Taking third, Disney/Pixar’s Incredibles 2 dipped -38.8% for $28.41m in its fourth frame. Domestic tally is $503.77m, taking #12 on the all-time domestic list and passing 2016’s Finding Dory ($486.3m) to become the highest-grossing animated movie ever in the U.S./Canada. Hitting $600m is a little reaching at this point, but somewhere around $570m is a decent final range for the Brad Bird flick.
Overseas, Incredibles 2 took $35.7m from 39 markets, repping just 59% of its international footprint (slow rollout for this one). International and global tallies are $268.51m and $772.28m, respectively, as the movie chugs forward to become 2018’s fourth $1 billion grosser (and Disney’s third). Top markets for Pixar’s superhero family are China ($48.7m), Mexico ($33.8m), Australia ($24.6m), Brazil ($15.4m), and Russia ($14.3m).
Debuting in fourth, Universal/Blumhouse’s The First Purge nabbed $17.37m from 3,031 venues ($5,732 per-theatre average) for a $31.28m 5-day opening, on par with 2016’s The Purge: Election Year‘s 3-day total ($31.52m). Universal and co. know how to market a Purge movie at this point and that proved no different here – political themes, ultraviolence, costume imagery, the works. They make ’em cheap, too, with First Purge’s production budget coming in at $13m. Expect over/under $60m for The First Purge. If the Gerald McMurray movie makes less than $64.48m it’ll rank as the lowest-grossing in the series, but that’s little to fret over.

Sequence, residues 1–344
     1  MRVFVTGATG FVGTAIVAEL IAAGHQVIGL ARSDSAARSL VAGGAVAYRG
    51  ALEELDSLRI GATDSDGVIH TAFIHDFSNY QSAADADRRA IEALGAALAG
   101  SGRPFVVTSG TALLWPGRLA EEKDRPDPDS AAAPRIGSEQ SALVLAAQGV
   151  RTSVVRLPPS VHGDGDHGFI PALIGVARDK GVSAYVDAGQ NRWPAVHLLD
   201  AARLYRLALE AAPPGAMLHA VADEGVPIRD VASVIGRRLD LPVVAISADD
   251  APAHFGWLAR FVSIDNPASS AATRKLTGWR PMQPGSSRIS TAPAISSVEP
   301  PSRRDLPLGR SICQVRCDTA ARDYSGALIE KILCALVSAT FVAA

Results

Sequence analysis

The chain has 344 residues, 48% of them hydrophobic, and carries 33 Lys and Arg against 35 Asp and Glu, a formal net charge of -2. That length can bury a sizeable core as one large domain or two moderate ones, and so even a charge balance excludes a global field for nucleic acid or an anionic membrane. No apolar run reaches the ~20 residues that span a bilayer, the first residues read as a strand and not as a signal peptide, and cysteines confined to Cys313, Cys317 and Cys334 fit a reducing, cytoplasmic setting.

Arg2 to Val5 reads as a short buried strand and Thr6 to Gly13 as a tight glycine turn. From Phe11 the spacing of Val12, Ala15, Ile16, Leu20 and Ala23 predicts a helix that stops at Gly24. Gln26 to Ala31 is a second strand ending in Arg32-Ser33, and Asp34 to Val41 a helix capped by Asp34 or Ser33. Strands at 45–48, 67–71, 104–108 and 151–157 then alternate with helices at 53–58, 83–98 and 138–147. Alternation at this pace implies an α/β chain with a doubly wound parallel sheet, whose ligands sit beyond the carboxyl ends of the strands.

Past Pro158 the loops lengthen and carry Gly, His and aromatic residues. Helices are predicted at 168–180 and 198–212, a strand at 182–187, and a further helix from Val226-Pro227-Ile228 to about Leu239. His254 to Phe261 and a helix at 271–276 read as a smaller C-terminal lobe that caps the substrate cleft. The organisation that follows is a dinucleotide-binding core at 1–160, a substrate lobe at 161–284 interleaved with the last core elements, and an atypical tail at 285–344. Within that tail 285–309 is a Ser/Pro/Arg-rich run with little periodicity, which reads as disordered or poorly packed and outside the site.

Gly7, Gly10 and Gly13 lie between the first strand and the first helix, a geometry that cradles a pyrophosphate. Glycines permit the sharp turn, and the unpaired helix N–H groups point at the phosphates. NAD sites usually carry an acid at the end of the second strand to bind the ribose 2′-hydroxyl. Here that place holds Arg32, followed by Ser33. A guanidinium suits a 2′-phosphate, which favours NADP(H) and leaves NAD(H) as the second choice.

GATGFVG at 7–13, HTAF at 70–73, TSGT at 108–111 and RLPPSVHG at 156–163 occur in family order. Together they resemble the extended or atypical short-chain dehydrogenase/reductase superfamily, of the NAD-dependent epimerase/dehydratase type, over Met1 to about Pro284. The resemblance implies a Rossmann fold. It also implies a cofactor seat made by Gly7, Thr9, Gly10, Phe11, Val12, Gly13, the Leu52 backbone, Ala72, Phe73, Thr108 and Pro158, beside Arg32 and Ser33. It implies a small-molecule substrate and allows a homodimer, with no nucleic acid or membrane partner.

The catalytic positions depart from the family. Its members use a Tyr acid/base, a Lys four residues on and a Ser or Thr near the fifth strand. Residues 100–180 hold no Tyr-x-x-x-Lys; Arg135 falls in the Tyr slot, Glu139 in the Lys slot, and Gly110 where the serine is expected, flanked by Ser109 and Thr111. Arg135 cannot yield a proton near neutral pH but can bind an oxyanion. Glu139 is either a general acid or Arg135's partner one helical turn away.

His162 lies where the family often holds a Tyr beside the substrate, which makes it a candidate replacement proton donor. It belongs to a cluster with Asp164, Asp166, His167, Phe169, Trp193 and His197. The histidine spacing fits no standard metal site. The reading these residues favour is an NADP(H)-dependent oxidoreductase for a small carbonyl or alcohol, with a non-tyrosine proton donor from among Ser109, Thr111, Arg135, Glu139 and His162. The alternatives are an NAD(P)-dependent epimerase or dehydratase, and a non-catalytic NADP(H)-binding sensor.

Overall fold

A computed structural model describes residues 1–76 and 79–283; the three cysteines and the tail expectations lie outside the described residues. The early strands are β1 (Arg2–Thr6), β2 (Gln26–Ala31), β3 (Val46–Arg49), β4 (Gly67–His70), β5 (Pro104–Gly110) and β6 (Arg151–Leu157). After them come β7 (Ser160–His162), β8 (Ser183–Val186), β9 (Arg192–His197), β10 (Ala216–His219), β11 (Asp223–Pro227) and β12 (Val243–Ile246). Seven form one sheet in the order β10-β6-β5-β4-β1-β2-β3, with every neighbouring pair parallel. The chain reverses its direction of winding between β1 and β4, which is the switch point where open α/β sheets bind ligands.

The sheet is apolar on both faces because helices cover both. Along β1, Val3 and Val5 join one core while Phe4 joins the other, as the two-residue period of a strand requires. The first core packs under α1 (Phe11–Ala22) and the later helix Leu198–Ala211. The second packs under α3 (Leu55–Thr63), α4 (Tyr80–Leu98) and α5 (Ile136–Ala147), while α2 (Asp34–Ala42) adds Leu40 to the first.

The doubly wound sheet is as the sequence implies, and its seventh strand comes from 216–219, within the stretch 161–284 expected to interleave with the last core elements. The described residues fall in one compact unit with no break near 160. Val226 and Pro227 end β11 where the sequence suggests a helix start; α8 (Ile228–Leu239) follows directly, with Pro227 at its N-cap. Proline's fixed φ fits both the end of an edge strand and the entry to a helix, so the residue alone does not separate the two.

Internationally, The First Purge debuted with $11.8m from 26 markets, pacing +16% ahead of Election Year in like-for-like territories (per usual, thanks to Deadline for that breakdown). Global tally is $43.08m. Top debuts come courtesy of the U.K. ($2.2m), France ($2.1m), Germany ($1.5m), and Spain ($1.2m).
Rounding out the top five, Sony’s Sicario: Day of the Soldado fell a harsh -59.9% for $7.62m in its sophomore frame. Domestic tally for the grim drug cartel flick is $35.63m, +32.3% ahead of 2015’s Sicario at the same point in release (after two weeks in wide release). Soldado isn’t holding nearly as well as its predecessor, however, and it’s unlikely to start, what with Universal’s Skyscraper and Paramount’s Mission: Impossible – Fallout swooping in to take the action crowd. Regardless, Soldado should pass Sicario’s $46.89m tally just fine. It’ll need some oomph from the overseas crowd (where Lionsgate, distributor of the first movie, is handling a large portion of the release) to offset that $35m production cost, though.
Speaking of, Sicario: Day of the Soldado didn’t quite give that oomph, adding $3.8m from 63 international markets for $15.5m overall and $43.91m globally. Top markets are the U.K. ($1.8m), Australia ($1.7m), and South Korea ($1.6m).
6. Uncle Drew (Lionsgate) – $6.61 million (-56.7%), $29.93m cume
7. Ocean’s 8 (Warner Bros.) – $5.07 million (-39.2%), $126.53m cume
8. Tag (Warner Bros.) – $3.03 million (-48.5%), $48.26m cume
9. Won’t You Be My Neighbor? (Focus) – $2.57 million (+6.2%), $12.36m cume
10. Deadpool 2 (Fox) – $1.68 million (-53.1%), $314.55m cume